Minnesota trade Brent Burns and a 2012 second round pick (Pontus Aberg) (later trade to the Tampa Bay Lightning and then the Nashville Predators) to the San Jose Sharks for Devin Setoguchi, Charlie Coyle, and a 2011 first round pick (Zack Phillips)
Giving up a second round pick usually does not leave a hole in a roster. In this case the Wild lost nothing. But the pick turned into a fairly good prospect. After the pick was traded again to the Predators, Nashville picked Pontus Aberg. Aberg has only managed 15 games in the NHL for the Preds, but last year he put up 52 points in 56 games for the Milwaukee Admirals and he looks to be a possible fill for the loss of James Neal in Nashville this season.
Brent Burns on the other hand left a massive hole in Minnesota. The top pairing defenseman, with the ability to play forward, was a staple on the Wild defense for seven seasons. Despite dealing with some injuries during the 2008-09 and 2009-10 seasons, Burns showed offensive potential while being a wall on the blue line. His big frame allowed him to smartly play the body while still staying in position.
After being sent to the Golden State, Burns joined a young defensive core that included Marc-Edouard Vlasic (24), Justin Braun (24), and Jason Demers (23). As a 26-year old, Burns came in with a veteran presence and really found his game with the Sharks. Playing the top pair against some of the best players in the league Burns not only shut down those players but became an offensive wizard from the point. He increased his point production every year except the lockout shortened 2012-13 season.
The last three years have seen him put up totals of 60, 75 and 76 respectively. His 29 goals last season was the most goals by a defenseman since Mike Green put up 31 in 2008-09. Outside of the numbers, Burns has become one of the most well known players in the league. His look alone is one of the most recognized in the league, making him a marketing gold mine.
Burns has gone on to be a perennial Norris trophy candidate, finally winning his first in 2016-17. Had Minnesota never traded him, the outcome of both Burns’ career and the Wild franchise may be very different right now.
The draft pick that the Wild received ended up being first round pick Zack Phillips. Phillips was the 28th pick that year, but has yet to play a game in the NHL. After toiling in the minors, splitting time in the AHL and ECHL, he headed over to Europe last season. His NHL dream may never come to fruition.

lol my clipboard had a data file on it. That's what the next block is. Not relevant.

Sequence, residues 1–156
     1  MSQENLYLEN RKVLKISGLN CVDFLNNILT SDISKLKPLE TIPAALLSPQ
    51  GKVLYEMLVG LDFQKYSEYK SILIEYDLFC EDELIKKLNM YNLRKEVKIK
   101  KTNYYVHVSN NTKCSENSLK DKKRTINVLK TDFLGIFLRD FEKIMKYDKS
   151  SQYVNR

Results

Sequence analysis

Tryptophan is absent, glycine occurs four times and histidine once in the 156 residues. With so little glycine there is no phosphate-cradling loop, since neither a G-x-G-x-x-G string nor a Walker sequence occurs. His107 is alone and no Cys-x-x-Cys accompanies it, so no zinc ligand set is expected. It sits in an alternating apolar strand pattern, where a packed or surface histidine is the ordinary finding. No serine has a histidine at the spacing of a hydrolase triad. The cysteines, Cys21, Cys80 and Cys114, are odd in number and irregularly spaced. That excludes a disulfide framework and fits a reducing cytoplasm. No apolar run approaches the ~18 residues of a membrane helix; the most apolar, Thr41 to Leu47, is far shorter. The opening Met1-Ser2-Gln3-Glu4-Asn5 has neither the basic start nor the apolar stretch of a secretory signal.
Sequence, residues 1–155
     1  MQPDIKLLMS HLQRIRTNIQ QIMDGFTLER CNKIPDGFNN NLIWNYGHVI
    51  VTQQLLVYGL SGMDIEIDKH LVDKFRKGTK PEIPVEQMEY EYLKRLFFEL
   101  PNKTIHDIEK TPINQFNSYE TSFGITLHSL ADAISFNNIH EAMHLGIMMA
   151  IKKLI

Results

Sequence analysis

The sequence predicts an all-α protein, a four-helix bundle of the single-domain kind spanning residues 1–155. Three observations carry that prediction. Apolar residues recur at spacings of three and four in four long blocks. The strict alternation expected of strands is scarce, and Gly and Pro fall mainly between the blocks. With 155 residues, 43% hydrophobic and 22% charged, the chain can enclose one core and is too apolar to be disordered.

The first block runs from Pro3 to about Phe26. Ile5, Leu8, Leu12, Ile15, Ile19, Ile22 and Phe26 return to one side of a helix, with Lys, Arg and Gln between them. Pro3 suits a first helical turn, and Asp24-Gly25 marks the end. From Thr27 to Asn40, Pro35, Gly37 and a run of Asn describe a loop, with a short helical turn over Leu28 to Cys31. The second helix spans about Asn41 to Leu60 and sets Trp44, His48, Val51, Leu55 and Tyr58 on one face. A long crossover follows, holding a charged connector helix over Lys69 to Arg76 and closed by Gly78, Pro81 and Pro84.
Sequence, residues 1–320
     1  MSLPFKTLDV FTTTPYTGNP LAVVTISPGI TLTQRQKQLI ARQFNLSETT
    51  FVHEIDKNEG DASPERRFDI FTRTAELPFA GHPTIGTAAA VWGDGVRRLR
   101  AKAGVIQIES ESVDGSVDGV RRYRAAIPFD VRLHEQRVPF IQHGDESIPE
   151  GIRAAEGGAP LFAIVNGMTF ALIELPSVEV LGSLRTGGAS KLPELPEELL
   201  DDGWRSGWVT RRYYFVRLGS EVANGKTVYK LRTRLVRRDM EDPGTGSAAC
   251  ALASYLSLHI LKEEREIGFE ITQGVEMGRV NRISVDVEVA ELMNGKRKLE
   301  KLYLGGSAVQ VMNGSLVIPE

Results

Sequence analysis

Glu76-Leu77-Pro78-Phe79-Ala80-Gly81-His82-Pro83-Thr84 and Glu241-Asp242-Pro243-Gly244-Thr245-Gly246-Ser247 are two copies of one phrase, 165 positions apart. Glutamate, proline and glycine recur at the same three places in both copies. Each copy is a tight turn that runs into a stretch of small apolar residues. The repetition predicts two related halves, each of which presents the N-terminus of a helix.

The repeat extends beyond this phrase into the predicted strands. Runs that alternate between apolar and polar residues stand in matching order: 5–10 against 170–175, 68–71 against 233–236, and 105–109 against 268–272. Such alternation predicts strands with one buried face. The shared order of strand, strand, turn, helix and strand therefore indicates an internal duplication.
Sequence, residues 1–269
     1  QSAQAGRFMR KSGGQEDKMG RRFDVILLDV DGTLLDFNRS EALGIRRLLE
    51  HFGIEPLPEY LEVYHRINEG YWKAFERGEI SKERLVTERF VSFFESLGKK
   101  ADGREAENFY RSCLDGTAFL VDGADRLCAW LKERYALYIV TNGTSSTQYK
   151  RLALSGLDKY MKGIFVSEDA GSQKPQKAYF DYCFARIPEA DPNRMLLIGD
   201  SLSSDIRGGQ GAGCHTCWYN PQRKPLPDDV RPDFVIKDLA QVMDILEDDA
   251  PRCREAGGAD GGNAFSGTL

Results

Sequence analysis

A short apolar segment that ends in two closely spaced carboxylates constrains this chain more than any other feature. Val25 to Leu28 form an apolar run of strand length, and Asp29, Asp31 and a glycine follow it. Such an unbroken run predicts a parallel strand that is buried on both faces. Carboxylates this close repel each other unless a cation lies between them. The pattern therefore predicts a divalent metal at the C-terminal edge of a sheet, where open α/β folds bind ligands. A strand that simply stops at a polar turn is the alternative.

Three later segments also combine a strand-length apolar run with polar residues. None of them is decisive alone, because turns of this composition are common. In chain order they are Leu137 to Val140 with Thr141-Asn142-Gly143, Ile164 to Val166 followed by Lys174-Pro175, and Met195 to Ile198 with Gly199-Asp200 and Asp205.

Both players the Wild received were also first round picks. Setoguchi was supposed to be the big player heading to Minnesota in this deal. The former eighth overall pick, Setoguchi showed signs of being a big name player in his second season. He managed to score 31 goals and put up 65 points that year. He would see his numbers drop the next two year, only managing 36 and 41 points.
After arriving in Minnesota, Setoguchi’s numbers never returned. He would see his offensive production slip in both seasons he played for the Wild. Setoguchi was eventually traded to the Winnipeg Jets for a second round pick which was later traded to the Buffalo Sabres in the Matt Moulson trade. He has continued to struggle and has only managed to play in 57 games in the past three seasons.
Charlie Coyle was a young prospect when he was sent to Minnesota. He has turned into a fairly decent player, managing to increase His point production in every single season in the league. He started with just 14 points in 2012-13 in only 37 games. Since then he has put up 30, 35, 42 and 56 points respectively. His 56 points last season saw him finish fifth in team scoring. Unfortunately for the team losing Burns’ presence on the back end will most likely never be filled with just offense.
Minnesota trades Dwayne Roloson to the Edmonton Oilers for 2006 first round pick (Trevor Lewis) (Later traded to the Los Angeles Kings) and 2007 third round pick (Spencer Machacek) (later traded to the Atlanta Thrashers/Winnipeg Jets), Minnesota trades Zbynek Michalek to the Arizona Coyotes for Erik Westrum and Dustin Wood
ST. PAUL, MN – DECEMBER 13: Minnesota Wild goalie Devan Dubnyk (40) makes a save in the 1st period during the regular season matchup between the Florida Panthers and the Minnesota Wild on December 13, 2016, at Xcel Energy Center in St. Paul, Minnesota. (Photo by David Berding/Icon Sportswire via Getty Images)